- Subject index
In the context of growing diversity, Shirley A. Hill examines the work parents do in raising their children. Based on interviews and survey data, African American Children includes blacks of various social classes as well as a comparative sample of whites. It covers major areas of child socialization: teaching values, discipline strategies, gender socialization, racial socialization, extended families -- showing how both race and class make a difference, and emphasizing patterns that challenge existing research that views black families as a monolithic group.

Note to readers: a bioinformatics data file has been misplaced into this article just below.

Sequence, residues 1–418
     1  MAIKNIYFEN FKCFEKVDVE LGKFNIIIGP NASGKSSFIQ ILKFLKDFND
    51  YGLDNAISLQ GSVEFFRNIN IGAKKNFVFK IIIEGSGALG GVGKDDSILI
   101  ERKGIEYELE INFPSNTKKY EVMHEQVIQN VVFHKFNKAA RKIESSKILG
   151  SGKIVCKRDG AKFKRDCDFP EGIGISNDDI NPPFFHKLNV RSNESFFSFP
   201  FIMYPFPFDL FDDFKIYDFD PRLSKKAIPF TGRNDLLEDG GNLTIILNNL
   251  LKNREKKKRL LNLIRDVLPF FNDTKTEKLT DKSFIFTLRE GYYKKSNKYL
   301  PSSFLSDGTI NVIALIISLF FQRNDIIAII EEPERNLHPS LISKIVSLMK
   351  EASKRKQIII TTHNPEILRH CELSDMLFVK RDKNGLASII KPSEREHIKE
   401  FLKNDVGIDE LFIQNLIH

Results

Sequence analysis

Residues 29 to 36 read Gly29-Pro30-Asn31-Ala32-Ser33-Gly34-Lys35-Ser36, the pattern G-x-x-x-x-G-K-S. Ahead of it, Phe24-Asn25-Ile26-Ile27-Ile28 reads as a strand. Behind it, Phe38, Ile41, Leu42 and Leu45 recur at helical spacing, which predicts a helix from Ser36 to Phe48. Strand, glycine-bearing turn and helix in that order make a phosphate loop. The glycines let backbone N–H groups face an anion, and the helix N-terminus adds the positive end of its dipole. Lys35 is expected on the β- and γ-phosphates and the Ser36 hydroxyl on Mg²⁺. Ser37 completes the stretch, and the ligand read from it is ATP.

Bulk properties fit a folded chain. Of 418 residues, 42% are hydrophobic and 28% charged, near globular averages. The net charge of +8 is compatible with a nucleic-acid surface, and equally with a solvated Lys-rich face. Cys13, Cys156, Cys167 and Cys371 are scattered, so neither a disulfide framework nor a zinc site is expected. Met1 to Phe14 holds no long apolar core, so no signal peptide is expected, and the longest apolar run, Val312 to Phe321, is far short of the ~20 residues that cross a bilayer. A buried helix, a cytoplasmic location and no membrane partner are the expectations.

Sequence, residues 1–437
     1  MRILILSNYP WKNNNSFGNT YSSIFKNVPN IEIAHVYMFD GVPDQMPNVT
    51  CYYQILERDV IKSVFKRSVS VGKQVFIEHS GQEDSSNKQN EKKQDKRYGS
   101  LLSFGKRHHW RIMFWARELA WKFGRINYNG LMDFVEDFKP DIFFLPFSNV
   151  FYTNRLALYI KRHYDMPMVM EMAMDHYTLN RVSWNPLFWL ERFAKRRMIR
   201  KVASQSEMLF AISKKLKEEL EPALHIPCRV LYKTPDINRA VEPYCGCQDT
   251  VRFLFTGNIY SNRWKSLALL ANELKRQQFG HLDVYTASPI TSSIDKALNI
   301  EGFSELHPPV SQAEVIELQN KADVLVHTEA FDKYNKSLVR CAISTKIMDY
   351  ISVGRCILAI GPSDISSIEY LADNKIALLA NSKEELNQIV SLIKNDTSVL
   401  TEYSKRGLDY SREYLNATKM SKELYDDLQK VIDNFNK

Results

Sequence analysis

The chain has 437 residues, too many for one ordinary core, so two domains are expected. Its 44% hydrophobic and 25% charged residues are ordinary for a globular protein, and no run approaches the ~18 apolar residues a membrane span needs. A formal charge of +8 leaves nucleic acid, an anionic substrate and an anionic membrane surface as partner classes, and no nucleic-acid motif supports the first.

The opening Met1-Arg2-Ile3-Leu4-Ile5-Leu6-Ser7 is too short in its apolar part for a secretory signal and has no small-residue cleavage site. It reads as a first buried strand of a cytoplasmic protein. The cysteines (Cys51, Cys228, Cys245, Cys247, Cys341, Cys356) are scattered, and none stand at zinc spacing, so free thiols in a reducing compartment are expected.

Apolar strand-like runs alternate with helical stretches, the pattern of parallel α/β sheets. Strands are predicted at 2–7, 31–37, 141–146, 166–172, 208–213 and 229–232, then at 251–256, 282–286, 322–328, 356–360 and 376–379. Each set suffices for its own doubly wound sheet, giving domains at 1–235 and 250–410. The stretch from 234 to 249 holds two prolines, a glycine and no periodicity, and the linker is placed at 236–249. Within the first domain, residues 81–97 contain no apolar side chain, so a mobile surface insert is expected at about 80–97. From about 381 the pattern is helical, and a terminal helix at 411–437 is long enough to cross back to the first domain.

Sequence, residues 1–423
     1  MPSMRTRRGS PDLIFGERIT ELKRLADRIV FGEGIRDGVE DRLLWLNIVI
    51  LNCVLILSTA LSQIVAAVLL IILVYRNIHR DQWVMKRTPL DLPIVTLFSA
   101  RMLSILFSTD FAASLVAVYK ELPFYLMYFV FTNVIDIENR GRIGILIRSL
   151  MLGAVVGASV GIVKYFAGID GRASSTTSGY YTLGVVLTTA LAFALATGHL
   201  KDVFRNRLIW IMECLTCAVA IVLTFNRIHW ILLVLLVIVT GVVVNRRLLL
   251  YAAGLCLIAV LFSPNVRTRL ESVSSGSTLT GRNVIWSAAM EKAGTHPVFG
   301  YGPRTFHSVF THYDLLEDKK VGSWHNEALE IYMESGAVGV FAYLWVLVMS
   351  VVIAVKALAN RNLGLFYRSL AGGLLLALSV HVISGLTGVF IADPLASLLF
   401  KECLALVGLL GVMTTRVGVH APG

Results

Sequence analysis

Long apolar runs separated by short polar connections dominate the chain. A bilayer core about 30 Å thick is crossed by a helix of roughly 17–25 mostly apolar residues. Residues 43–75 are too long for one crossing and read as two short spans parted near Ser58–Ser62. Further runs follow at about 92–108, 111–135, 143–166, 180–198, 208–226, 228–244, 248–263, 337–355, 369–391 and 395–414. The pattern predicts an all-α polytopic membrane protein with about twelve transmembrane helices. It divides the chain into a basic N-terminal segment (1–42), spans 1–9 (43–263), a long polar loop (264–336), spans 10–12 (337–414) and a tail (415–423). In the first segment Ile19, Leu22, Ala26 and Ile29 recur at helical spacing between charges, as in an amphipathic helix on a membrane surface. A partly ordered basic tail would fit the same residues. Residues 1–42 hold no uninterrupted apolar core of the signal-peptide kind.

Chapter 7: Continuity and Change
I have written to you because a world into which I was born, a world that nurtured and sustained me, has mysteriously disappeared.
Henry Louis Gates's beautifully written autobiographical account of growing up during the 1950s is dedicated to his two daughters, whom he fears may never experience the world he grew up in. That world is viewed by many black people, at least retrospectively, as one in which the majority of African Americans were unified by a “consciousness of kind” that inspired racial solidarity immersed in the distinctive humor, music, religion, and linguistic styles of their own culture, and were unified in their conviction that most of their troubles (e.g., poor education, poverty) stemmed ...